Progressive's Snapshot program, for example, has collected enough data to figure out that not only were school driving manuals wrong about keeping four seconds between you and the driver in front of you, but that it takes even the most aggressive stoppers 12 seconds to come to a complete halt when traveling 60 miles per hour. The average driver takes 24 seconds -- or roughly 420 yards -- to come to a stop at that speed.

"After analyzing Snapshot driving data, we've found hard braking to be one of the most highly predictive variables for predicting future crashes," says Dave Pratt, general manager of usage-based insurance for Progressive. "We know that one of the main contributors to hard braking is tailgating, so we're using our data to help drivers be as alert and aware as possible on the road. We've gathered billions of miles of driving data and are only just beginning to scratch the surface in terms of the types of predictive behavior our Snapshot analytics can reveal."

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Naturally, more privacy-minded U.S. drivers are a bit freaked out by the monitoring aspect. In fact, a majority of U.S. drivers (51%) told InsuranceQuotes that they would never joining a pay-as-you-drive insurance program, according to a new report from That's actually up from the 37% who were dead-set against pay-as-you-drive insurance in 2014.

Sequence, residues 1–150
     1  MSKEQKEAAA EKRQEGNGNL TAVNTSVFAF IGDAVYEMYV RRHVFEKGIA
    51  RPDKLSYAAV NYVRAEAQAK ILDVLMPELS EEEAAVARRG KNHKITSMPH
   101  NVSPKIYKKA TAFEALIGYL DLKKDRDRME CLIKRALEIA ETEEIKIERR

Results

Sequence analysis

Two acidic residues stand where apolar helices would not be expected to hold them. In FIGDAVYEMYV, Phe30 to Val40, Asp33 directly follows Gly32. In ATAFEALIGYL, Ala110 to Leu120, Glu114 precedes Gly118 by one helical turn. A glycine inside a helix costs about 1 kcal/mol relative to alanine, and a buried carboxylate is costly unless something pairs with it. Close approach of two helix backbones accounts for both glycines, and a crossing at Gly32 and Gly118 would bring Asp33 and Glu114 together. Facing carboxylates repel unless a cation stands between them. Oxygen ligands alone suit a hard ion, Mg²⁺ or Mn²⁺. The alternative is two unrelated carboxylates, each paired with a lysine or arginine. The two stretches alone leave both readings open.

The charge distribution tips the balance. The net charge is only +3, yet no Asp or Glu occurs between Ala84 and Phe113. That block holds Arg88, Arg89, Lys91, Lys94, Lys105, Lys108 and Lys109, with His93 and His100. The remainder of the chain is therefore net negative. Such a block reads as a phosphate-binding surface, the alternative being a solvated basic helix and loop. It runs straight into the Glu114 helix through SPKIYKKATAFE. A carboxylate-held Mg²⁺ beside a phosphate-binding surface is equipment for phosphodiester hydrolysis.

The National Association of Insurance Commissioners (NAIC) predicts that 20% of all U.S. auto insurance companies will incorporate some form of pay-as-you-drive program by 2020. That isn't as scary as most drivers would believe. More than half of those surveyed by InsuranceQuotes said they think insurers can monitor whether or not they've been drinking and driving (they can't), while 35% say they think insurers can jack up rates for driving in "neighborhoods with a lot of crime" (they don't).

However, 26% of respondents dismissed pay-as you-drive insurance solely, because "I don't understand how it works." That's been less of a problem with younger drivers, as 47% of drivers between the ages of 18 and 29 are aware of pay-as-you-drive programs compared to 22% percent of drivers 65 or older. As a result, only 15% of Millennials share their elders' privacy concerns and 43% of drivers between the ages of 18 and 29 said they would consider enrolling. That far outpaces the 36% between the ages of 50 and 64 who'd do the same and the 28% of respondents over 65 who'd give it a shot.

"If you think you're a good driver and you're not opposed to sharing some of this data about how you drive with an insurance company, I say give it a shot," Adams says. "If it doesn't save you money, you can always switch back to the regular insurance and there's no downside."

With help from InsuranceQuotes, we found the ten states that are most likely to penalize drivers just for putting miles on their tires. While driver monitoring make help keep insurance costs down in some of these areas, the clear message is that insurance companies and states themselves feel far more at ease when drivers spend less time on the road: